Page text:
Difficult Conversations: How to Discuss What Matters Most
by Douglas Stone, Bruce Patton and Sheila Heen
“In a charitable mood, you may think, ‘Well everyone has their opinion’ or, ‘There are two sides to every story.’ But most of us don’t really buy that. Deep down, we believe that the problem, put simply, is them.”
Difficult conversations are those conversations that make you anxious, the ones that you dread or aren’t sure whether to even attempt. The authors of Difficult Conversations present tools and a clear roadmap for helping to navigate the bumpy roads associated with these challenging conversations.
In a humorous style and providing plenty of easy-to-relate-to examples, the authors point out why these conversations quickly go from bad to worse. They outline three common mistakes we all make in having these conversations:
Mistake #1: We start the conversation assuming that we are right, and the other person is wrong. The problem is that both people are “right” and difficult conversations are not about getting the facts right, but about conflicting perceptions, feelings and values.
Mistake #2: We don’t ask enough questions. Most difficult conversations are spent advocating for “our side” rather than inquiring about the other person’s views.
Mistake #3: We assume that to solve the problem, we should stay rational and avoid feelings. If you’re going to get to the heart of the problem, then feelings are central to the discussion.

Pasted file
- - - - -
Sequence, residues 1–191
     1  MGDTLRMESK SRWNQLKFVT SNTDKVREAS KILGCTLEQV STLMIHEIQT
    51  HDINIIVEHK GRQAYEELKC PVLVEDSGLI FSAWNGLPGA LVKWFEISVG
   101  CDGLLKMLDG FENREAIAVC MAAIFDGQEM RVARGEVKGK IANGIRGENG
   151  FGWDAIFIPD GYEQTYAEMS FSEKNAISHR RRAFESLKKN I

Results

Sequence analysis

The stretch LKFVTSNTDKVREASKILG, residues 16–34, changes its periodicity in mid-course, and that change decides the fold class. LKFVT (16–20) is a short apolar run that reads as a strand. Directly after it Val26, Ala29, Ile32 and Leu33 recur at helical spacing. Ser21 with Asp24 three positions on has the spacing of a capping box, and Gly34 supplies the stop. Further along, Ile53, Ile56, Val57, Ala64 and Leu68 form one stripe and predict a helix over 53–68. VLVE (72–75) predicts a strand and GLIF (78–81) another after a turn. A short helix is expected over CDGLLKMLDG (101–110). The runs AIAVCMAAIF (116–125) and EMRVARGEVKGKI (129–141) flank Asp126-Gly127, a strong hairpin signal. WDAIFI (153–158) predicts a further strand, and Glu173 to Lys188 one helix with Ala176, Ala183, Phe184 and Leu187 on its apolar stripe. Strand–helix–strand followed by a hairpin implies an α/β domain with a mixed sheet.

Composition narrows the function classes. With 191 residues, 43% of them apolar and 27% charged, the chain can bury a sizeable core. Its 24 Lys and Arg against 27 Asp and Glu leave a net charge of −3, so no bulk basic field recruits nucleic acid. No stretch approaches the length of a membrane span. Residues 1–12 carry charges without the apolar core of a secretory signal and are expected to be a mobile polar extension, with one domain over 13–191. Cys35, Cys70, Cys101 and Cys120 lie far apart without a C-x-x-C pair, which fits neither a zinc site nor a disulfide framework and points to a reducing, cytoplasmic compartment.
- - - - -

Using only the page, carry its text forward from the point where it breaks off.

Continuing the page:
The authors provide a five-step checklist for navigating difficult conversations:
Step One: Prepare by walking through the three conversations.
- Sort out what happened. What impact has the situation had on you? What might have been their intention (don’t assume bad intent, ask questions). What have you each contributed? (Stop looking for blame and focus on contribution.)
- Understand emotions.
- Ground your identity. What’s at stake for you about you? What’s at stake for the other person?
Step Two: Check your purpose and decide whether to raise the issue.
What do you hope to accomplish by having the conversation? Shift your stance to support learning, sharing and problem solving.
Step Three: Start from the Third Story
The Third story is neither your point of view nor the other person’s point of view. It’s the perspective a neutral observer might tell.
Step Four: Explore Their Story and Yours
Listen to understand their perspective. Share yours. Keep reframing from truth to perception, from blame to contribution and from accusation to feelings.
Step Five: Problem Solving
Invent options that meet both side’s most important concerns and interests. Talk about how to keep communications open as you go forward.
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